ASCO is urging Medicare to establish clear information and a process to ensure that patients receive timely access to cost-sharing assistance.
ASCO has submitted comments to the U.S. Senate Finance Committee Chronic Care Working Group regarding the Bipartisan Chronic Care Working Group Policy Options document published in December 2015. The society commended the working group for its efforts to improve the Medicare program for beneficiaries suffering from multiple chronic conditions and made recommendations to improve care management services for patients with cancer as one of their chronic conditions.
In the comment letter, ASCO President Julie M. Vose, MD, MBA, FASCO, emphasized the need—in ASCO’s view—to encourage the use of Chronic Care Management (CCM) services by eliminating copays for such services for Medicare beneficiaries. ASCO asserts that adapting benefits to meet the needs of chronically ill Medicare Advantage (MA) enrollees will also encourage CCM use.
Furthermore, ASCO asserts that adapting benefits to meet the needs of chronically ill MA enrollees will also encourage CCM use. Specifically, current Medicare policy requires MA enrollees who qualify for and wish to participate in clinical trials to receive coverage of trial routine services through traditional fee-for-service (FFS) Medicare, rather than their MA plan. Reverting to the 20% copay required in FFS translates to additional, unexpected cost-sharing for the trial enrollee. Medicare requires that the MA plan provide assistance with the higher cost-sharing, but the process is confusing, and some plans fail to comply or inform the trial participant. At a time when patients should be able to focus on their cancer treatment, they are required to navigate a complex, confusing process. ASCO is urging Medicare to establish clear information and a process to ensure that patients receive timely access to this cost-sharing assistance.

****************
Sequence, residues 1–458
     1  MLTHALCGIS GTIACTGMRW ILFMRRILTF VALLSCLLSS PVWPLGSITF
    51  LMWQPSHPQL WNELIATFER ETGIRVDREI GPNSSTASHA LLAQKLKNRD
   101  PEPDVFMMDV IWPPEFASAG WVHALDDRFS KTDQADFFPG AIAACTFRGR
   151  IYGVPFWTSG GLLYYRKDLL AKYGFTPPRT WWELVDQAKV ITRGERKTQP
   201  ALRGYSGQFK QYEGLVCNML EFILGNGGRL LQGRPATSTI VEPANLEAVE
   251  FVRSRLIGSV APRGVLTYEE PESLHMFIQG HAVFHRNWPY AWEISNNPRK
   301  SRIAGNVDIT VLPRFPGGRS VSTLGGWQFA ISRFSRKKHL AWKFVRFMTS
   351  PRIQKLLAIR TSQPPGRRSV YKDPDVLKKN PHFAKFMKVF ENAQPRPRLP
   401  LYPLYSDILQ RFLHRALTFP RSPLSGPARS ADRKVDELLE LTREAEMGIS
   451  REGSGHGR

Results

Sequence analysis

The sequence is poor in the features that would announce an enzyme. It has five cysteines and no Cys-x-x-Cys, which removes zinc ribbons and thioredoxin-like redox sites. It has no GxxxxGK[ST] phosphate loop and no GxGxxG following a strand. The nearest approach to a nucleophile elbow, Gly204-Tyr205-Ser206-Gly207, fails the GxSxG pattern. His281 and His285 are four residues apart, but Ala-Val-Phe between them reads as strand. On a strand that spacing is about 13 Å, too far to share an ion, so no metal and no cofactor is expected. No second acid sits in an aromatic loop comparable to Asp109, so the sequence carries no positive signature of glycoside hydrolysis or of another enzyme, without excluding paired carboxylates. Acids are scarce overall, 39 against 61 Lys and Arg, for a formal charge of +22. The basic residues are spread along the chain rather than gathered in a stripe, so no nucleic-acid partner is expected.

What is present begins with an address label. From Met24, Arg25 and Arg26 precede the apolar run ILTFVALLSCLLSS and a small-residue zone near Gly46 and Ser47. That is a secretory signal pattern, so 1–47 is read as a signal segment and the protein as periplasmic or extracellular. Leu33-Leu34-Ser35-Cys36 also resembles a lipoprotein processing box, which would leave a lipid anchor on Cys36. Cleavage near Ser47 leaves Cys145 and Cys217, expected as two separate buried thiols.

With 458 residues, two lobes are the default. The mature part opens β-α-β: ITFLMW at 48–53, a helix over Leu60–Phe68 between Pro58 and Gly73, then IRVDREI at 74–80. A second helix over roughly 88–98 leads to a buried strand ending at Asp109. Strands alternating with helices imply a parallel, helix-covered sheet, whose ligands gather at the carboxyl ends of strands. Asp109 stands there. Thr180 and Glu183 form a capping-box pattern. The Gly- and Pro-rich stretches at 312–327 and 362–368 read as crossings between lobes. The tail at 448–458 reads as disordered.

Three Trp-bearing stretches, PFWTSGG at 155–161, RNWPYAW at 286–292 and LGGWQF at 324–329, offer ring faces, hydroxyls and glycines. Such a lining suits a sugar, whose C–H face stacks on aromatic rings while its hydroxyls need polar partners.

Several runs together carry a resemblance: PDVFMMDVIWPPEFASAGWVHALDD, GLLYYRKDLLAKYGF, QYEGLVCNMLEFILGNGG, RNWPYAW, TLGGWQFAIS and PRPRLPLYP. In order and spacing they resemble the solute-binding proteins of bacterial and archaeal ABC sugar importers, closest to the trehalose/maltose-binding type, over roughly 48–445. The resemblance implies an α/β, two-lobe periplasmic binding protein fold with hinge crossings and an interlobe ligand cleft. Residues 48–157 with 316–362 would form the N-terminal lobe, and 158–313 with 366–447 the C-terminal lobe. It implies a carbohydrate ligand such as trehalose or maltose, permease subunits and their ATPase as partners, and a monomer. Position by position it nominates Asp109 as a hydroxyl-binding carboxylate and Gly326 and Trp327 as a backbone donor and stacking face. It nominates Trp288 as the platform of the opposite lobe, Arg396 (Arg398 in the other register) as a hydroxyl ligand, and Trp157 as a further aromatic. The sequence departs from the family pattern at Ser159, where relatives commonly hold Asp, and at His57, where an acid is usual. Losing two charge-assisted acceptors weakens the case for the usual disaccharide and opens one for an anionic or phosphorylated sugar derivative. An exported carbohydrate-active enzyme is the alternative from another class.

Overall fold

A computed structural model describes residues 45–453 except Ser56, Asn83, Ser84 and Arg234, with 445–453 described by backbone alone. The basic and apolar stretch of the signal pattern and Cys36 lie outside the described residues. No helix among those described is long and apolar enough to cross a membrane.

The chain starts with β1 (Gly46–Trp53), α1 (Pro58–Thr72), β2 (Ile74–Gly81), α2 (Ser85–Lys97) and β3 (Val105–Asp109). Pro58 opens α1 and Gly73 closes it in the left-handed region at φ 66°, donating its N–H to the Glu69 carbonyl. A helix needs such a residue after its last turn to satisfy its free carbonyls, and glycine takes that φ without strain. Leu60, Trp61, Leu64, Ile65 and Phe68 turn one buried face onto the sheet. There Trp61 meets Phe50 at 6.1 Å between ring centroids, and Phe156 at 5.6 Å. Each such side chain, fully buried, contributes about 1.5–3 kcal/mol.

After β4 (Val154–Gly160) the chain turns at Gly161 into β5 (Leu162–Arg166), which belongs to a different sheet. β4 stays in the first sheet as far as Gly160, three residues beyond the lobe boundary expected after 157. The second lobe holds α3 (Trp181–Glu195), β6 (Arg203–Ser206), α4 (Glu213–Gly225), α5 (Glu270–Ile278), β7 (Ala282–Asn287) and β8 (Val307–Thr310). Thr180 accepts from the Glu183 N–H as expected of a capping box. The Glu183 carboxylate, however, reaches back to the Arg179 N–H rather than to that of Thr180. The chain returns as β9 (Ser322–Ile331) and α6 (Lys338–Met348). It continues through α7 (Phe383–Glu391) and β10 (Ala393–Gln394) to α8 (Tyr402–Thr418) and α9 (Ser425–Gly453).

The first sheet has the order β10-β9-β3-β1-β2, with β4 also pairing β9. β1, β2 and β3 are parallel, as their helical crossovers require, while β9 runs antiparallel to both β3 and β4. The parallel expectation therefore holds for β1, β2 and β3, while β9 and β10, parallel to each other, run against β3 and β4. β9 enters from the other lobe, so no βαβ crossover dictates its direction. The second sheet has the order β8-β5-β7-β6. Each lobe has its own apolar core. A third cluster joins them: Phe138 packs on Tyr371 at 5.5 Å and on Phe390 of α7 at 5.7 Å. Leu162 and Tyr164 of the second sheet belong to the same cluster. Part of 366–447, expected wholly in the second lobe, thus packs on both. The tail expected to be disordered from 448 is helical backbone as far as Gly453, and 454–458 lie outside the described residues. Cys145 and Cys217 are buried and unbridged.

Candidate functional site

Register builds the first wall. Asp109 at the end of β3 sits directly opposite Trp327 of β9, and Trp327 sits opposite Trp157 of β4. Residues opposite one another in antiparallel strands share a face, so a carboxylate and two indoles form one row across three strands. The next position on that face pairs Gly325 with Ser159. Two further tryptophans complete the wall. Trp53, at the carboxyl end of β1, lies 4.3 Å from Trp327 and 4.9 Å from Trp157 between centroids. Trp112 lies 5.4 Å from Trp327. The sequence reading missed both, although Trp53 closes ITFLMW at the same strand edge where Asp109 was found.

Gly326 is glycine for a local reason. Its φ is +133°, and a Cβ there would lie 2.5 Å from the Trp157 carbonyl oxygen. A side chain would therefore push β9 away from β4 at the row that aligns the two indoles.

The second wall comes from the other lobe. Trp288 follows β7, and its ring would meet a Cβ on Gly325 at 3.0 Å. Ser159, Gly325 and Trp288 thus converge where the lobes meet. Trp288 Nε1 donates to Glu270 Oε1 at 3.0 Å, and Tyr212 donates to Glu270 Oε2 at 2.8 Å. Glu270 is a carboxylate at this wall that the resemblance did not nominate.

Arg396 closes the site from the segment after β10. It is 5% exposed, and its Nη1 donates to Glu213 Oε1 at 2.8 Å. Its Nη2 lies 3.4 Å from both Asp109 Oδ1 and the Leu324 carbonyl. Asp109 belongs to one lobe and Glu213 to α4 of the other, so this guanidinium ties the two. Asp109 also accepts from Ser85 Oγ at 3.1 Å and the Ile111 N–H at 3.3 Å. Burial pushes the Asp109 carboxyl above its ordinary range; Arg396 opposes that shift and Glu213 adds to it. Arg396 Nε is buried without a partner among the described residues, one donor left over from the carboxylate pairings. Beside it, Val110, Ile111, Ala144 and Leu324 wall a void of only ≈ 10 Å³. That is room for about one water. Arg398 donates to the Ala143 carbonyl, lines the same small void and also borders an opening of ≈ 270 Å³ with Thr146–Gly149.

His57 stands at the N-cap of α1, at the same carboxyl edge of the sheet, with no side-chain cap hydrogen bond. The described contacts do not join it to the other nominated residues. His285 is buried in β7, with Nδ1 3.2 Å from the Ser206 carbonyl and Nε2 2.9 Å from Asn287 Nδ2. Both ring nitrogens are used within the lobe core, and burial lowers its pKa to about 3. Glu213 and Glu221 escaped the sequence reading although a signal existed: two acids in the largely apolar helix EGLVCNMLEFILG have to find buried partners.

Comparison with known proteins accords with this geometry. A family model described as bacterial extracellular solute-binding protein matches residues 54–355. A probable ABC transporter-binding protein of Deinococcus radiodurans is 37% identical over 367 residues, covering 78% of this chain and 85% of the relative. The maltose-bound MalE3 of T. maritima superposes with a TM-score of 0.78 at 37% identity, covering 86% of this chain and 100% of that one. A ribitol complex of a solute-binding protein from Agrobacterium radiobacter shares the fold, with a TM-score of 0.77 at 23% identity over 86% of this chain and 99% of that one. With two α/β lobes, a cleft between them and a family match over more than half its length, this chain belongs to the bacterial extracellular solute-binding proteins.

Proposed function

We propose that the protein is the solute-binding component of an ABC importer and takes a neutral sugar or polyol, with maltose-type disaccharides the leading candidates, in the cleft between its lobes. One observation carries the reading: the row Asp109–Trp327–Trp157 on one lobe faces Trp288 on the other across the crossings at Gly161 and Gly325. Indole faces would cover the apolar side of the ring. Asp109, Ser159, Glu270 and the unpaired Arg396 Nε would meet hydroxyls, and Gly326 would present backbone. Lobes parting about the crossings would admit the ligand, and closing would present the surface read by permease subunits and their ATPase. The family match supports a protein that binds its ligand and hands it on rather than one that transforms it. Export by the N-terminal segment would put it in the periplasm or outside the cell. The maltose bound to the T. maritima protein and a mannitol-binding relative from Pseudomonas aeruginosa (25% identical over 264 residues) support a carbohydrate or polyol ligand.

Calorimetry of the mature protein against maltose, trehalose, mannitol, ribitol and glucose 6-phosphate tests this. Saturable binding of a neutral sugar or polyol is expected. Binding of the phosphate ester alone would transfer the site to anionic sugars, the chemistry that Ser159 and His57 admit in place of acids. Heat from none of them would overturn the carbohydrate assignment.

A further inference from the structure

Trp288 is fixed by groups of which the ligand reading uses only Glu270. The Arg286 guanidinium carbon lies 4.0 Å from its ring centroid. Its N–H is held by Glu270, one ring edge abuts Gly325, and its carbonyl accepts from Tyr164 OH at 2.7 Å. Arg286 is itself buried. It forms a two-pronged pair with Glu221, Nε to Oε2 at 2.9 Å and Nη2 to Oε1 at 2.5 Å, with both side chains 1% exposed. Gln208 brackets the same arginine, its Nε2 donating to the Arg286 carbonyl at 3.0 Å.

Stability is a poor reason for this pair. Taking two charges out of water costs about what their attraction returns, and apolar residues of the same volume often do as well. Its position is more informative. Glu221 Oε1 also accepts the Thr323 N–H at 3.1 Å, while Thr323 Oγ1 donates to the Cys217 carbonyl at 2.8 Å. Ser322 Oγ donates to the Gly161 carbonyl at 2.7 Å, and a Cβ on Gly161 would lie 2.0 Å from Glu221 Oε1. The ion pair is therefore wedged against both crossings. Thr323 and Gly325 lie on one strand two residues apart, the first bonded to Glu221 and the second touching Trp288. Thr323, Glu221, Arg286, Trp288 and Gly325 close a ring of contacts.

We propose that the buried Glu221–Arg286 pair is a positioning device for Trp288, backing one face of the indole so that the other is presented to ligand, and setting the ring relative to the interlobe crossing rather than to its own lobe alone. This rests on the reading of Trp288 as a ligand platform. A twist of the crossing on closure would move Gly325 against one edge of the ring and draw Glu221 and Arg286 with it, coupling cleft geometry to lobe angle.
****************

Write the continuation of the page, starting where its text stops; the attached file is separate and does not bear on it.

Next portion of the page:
ASCO’s comments also note that existing CCM billing codes are inadequate and counterproductive due to the requirements providers must meet in order to be reimbursed for using them. Oncologists—the letter points out—are among the health care providers that spend the most uncompensated time developing treatment plans and coordinating complex care regimens. The lack of appropriate recognition of these services in the coding and reimbursement system used by Medicare creates significant barriers for patients to these important services.
To read ASCO’s comment letter in its entirety, go to: http://www.asco.org/sites/www.asco.org/files/ccwg_final_letter_1_29_16.pdf. ■
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